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Crypto trade isn’t illegal. Otherwise our agencies would’ve acted by now: Revenue Secy Bajaj

In an interview with ThePrint, Bajaj says new tax regime on digital assets will be implemented from 1 April but the government can tax these assets even today.

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New Delhi: It is not illegal to trade in crypto assets as India has not stopped crypto exchanges from functioning, revenue secretary Tarun Bajaj said.

“I would stick my neck out and say it is not illegal as so many exchanges are running before our eyes. Otherwise, our agencies would have reached their premises by now,” he told ThePrint in an interview.

He further said that while the new tax regime with regards to virtual digital assets will be implemented from 1 April 2022, the government can tax these assets even today.

“The regime is applicable from 1 April but that does not mean that there are no taxes on these assets. It’s taxable even today. It is not that it is a tax-free item. But then you will come to me with your return, and I am the assessing officer. We will decide whether you have done it right or not,” Bajaj said.

In her Union Budget 2022 speech, Finance Minister Nirmala Sitharaman proposed to levy a 30 per cent capital gains tax on income from transfer of virtual digital assets, along with a surcharge. She also announced a tax deductible at source (TDS) of 1 per cent on the value of these transactions.

Even though the threshold over which TDS will be applicable wasn’t specified, the finance minister clarified that even a gift of virtual digital assets will be taxed at the recipient’s end.

Sitharaman’s announcement came a day after Principal Economic Adviser Sanjeev Sanyal said that the government would take a balanced view on digital currencies.


Also read: How Modi govt has given legal sanction to cryptocurrencies in India, through the backdoor


Retrospective tax matter to be closed within a month

Bajaj said the government will be able to pay a refund on taxes collected from Cairn Plc on account of retrospective taxation in a matter of days. Along with this, all other cases under such tax applicability will be closed within a month, he said.

“All other formalities are complete. What is left is the refund to Cairn which will happen in days. There are many others that have been closed but since the money did not have to go in, they didn’t create any noise… We should close this matter within the next 15-30 days.”

Last year, Parliament passed a bill to withdraw the retrospective nature of the indirect transfer of assets in the Income Tax Act. This retrospective amendment was introduced after the Supreme Court’s verdict in the case of Vodafone in 2011.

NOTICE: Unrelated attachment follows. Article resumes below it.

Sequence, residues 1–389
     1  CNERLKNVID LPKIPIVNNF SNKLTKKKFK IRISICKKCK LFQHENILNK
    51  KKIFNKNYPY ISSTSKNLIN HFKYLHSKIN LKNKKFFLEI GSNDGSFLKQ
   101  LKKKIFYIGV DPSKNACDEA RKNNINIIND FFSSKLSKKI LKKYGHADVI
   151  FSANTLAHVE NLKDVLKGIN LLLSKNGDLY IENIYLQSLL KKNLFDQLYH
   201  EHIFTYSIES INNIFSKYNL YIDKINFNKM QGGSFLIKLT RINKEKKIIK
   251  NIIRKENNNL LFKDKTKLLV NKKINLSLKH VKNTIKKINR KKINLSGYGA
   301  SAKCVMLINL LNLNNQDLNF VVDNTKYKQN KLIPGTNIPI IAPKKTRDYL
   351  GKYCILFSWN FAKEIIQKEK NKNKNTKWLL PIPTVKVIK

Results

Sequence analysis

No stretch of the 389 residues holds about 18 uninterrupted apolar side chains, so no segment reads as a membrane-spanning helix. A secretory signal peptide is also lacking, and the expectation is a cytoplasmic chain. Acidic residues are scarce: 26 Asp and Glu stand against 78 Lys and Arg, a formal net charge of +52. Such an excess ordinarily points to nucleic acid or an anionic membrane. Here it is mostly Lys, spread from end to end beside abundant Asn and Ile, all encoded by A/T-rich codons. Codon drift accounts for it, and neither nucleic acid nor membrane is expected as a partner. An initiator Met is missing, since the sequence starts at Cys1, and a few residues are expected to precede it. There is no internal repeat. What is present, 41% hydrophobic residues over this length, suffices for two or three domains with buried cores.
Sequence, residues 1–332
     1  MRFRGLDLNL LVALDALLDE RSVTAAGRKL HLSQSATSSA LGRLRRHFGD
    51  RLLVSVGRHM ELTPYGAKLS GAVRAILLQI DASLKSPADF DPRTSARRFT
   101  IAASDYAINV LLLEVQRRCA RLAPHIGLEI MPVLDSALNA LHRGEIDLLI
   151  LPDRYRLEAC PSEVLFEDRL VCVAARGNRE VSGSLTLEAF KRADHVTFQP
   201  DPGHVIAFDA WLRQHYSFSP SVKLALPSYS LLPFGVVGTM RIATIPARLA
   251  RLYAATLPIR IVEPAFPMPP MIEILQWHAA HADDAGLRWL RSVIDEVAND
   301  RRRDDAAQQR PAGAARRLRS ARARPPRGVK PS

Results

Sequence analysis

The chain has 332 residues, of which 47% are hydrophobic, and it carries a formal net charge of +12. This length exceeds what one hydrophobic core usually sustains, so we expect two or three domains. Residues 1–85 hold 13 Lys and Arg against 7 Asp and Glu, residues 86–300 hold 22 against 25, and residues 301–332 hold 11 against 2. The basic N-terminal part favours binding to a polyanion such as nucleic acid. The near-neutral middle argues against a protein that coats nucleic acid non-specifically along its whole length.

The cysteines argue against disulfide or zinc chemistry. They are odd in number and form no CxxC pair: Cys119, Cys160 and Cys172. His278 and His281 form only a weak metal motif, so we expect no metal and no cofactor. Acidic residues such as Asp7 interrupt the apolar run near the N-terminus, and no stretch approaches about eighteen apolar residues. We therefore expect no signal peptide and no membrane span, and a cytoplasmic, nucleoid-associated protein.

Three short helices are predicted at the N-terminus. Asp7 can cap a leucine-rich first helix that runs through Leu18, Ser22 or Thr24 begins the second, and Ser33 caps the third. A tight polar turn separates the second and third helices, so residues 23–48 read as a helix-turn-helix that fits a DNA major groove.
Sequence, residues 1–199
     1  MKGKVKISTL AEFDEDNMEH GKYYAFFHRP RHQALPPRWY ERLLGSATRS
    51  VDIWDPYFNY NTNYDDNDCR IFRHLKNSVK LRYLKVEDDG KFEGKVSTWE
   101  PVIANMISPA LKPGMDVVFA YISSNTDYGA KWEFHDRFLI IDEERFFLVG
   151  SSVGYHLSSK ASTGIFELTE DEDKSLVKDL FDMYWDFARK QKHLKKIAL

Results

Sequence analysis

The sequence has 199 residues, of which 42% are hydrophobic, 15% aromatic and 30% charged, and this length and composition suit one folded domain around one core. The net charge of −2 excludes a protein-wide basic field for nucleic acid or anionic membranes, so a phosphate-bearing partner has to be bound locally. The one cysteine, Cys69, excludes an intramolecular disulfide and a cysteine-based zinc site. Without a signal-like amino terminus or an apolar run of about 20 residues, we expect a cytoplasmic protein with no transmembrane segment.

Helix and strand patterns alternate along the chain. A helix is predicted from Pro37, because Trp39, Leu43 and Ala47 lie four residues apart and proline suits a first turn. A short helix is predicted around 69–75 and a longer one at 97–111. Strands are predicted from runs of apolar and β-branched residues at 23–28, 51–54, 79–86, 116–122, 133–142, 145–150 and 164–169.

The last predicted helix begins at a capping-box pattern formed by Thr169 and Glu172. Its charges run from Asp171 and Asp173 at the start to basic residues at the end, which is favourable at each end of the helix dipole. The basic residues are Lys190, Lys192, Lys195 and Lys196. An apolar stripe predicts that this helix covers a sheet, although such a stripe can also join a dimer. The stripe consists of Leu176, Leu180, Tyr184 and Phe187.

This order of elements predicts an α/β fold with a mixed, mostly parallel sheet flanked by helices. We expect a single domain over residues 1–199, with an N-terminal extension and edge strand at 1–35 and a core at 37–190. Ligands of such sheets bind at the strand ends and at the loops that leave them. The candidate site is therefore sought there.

Because of this, all the companies that had made gains from indirect transfer of assets before 28 May 2012, came into the tax net.

Bajaj said the government, going forward, will start getting more revenue from direct taxes, that include income and corporate tax, from the current financial year than indirect taxes. He was replying to a question on the inequality the system creates when indirect taxes are more than direct taxes as the former are regressive in nature and affect the poor.

In 2021-22, the government has pegged the gross revenues from indirect tax — Goods and Services Tax, Excise and Customs duty — at Rs 12.58 lakh crore, marginally higher than direct taxes at Rs 12.5 lakh crore.

Discussion on GST slab rationalisation in March

Setting the stage for an overhaul of the multiple tax rates under the GST regime, the GST Council may consider slab rationalisation with the indirect tax regime in March.

Speaking in this, Bajaj said: “Whether these slabs should be two slabs or three slabs, whether the commodity should be 5, 12 or 18, is something that the Bommai committee is looking into. We will await their recommendations and after that the GST Council will take it up. So we will discuss it in the month of March.”

The government in September had tasked a group of ministers led by Karnataka Chief Minister Basavaraj S. Bommai with proposing a rationalisation of tax rates and considering the merger of different tax slabs within two months.

Currently, the GST regime has five broad tax rate slabs of zero, 5 per cent, 12 per cent, 18 per cent and 28 per cent, with a cess levied over and above 28 per cent on some goods, and special rates for items like precious stones and diamonds.


Also read: FM Sitharaman has made a prudent choice in pushing capex instead of demand stimulus


 

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